“So, whatever the stride pattern is tomorrow, being OK with that and just getting that qualifying mark. And then we still have time over the next couple of weeks to continue to fix things.”

McLaughlin-Levrone said she doesn’t know how her 22.07 speed will translate to the 400H, especially incorporating her stride-pattern over the 10 hurdles. “It’s still 200 more meters,” she said, “so I don’t know how well I can add those two together and figure that out.”

Rushell Clayton of Jamaica currently tops the world list (53.72 in Kingston on May 11) while Anna Cockrell is the top American (53.75 in LA on May 18).

Moses noted the possibility of producing world-leading times on his namesake track, “specifically for Sydney,” he said. “Not to put any pressure on her, but it’s going to be hard for her not to do that.”

Femke Bol, the reigning world champ and McLaughlin-Levrone’s top rival, has not run a 400H race yet this year. After winning the World Indoor 400 with a 49.17 WIR in March, she ran 11.47 for 100 and 17.10 for 150 in late April in Curaçao. A week later, she helped the Netherlands qualify for the Olympics in the 4 x 400 mixed relay with a 49.63 split on the anchor leg.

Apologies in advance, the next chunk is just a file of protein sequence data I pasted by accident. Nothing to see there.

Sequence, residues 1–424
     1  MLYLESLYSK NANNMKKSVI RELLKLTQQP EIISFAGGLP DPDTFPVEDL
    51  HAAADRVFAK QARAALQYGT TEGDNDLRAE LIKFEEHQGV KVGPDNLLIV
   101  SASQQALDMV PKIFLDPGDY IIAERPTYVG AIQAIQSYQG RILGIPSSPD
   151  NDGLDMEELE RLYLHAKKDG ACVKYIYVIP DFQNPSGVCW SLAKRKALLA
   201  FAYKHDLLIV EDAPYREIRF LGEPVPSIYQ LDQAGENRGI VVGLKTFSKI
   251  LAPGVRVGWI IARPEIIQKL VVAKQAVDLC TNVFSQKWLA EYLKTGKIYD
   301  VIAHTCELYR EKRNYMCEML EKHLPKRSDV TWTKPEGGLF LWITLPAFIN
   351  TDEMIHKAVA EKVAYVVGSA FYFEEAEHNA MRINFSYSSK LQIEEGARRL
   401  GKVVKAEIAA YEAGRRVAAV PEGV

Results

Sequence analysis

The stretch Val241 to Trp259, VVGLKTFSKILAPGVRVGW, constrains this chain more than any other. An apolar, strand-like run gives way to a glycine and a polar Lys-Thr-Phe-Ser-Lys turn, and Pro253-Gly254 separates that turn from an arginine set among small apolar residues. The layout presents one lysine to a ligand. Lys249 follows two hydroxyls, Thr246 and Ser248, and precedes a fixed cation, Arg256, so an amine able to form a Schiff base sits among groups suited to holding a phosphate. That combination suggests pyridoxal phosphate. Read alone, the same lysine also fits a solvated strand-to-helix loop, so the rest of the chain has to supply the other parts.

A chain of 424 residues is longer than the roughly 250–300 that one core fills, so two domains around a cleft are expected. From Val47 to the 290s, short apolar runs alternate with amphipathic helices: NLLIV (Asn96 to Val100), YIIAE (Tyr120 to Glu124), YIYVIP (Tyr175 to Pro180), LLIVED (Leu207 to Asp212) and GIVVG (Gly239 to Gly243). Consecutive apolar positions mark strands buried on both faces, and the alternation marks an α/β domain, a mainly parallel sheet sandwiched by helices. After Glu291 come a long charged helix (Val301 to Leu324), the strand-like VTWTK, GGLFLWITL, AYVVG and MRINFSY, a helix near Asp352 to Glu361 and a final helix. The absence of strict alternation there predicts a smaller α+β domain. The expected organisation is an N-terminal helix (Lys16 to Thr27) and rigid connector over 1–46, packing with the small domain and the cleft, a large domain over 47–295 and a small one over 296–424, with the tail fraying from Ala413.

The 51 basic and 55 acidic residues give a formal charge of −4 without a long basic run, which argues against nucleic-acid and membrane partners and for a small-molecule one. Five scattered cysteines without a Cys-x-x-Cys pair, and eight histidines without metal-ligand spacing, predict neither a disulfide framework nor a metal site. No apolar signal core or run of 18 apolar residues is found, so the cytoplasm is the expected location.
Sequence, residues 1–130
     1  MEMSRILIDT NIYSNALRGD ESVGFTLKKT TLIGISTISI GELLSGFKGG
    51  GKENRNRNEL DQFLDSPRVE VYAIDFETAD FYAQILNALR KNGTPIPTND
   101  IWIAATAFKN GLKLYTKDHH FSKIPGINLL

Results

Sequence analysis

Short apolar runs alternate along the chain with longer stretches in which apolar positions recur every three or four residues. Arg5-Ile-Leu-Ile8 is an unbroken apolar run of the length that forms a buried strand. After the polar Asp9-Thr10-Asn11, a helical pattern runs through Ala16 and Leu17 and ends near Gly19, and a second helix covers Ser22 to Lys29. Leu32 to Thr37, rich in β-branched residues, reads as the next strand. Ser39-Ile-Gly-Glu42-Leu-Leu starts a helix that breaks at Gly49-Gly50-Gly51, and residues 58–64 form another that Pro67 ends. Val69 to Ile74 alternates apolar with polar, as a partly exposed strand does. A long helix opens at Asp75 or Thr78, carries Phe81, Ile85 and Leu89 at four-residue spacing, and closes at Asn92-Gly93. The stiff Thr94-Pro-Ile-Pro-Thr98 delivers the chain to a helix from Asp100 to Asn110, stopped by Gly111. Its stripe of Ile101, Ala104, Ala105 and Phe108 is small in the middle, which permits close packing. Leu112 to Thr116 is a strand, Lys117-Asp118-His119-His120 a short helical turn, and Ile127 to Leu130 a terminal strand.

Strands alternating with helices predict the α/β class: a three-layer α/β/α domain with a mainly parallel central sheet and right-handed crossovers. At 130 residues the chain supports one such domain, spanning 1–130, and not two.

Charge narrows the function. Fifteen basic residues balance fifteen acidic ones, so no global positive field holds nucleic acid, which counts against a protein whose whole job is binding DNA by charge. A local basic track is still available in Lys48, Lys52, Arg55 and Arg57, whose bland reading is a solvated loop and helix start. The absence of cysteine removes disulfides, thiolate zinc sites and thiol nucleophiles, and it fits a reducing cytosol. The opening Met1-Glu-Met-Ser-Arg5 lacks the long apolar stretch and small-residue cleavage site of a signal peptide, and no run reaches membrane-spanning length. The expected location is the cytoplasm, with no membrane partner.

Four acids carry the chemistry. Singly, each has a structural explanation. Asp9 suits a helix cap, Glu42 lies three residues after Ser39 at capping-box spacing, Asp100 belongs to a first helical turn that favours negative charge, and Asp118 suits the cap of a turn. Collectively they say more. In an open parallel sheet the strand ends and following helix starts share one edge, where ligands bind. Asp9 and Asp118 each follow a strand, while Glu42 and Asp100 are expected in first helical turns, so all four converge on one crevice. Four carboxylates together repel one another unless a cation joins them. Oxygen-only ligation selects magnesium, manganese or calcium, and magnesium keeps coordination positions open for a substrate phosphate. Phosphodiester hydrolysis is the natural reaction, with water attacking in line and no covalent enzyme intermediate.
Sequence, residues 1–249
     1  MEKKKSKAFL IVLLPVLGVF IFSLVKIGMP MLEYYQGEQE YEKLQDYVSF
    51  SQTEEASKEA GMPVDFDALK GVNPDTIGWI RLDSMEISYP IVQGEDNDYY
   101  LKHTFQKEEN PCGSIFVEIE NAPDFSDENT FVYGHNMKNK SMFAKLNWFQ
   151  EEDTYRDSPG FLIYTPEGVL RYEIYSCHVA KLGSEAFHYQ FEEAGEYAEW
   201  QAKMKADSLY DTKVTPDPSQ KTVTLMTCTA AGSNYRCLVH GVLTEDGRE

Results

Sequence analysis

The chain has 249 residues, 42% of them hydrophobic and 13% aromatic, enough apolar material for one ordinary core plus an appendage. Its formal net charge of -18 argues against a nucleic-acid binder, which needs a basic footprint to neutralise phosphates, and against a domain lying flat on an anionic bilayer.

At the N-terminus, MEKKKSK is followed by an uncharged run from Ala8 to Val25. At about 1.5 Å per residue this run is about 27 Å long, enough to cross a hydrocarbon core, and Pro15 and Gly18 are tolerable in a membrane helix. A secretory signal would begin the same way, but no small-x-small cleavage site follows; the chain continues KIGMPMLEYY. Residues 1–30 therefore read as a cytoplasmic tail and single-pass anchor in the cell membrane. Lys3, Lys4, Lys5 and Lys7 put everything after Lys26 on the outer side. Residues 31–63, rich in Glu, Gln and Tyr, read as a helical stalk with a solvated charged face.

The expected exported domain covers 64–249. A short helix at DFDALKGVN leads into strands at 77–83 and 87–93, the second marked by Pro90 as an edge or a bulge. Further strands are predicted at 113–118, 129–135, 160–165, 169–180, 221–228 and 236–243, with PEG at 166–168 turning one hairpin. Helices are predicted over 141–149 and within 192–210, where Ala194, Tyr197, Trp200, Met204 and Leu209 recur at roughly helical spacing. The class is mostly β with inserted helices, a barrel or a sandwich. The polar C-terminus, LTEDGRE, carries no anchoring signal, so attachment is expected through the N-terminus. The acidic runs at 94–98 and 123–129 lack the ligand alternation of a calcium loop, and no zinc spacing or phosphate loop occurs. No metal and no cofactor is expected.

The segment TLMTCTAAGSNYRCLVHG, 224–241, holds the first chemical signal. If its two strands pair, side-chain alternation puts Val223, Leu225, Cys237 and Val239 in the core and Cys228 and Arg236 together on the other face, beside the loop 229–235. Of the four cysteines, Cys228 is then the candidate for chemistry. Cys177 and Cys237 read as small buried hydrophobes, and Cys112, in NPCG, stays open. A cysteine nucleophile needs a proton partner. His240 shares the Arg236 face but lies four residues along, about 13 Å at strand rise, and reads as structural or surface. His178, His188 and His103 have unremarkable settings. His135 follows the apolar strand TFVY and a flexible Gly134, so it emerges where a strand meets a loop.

McLaughlin-Levrone said she believes a woman will someday run 49 for the 400H. “Obviously, it takes a lot of strength endurance, mechanical efficiency to get that done and putting that race together,” she said. “But I do think the numbers show that it is possible. It would be a very fast race, a very painful race.”

Yet McLaughlin-Levrone is not focusing on the clock. “Always aiming for gold,” she said. “I think that’s every athlete’s desire. But I think that doesn’t come unless I stay healthy. So that’s No. 1 on my list — really, truly, is staying healthy.”

If her body holds up, could McLaughlin-Levrone go all the way through the ’28 Los Angeles Olympics? “I don’t know… We’ll find out!” she said with a laugh. “It’s 2024, that’s all I can say right now!”

Subscription Options

Digital Only Subscription

  • Access to Current Articles
  • Access to Current Issues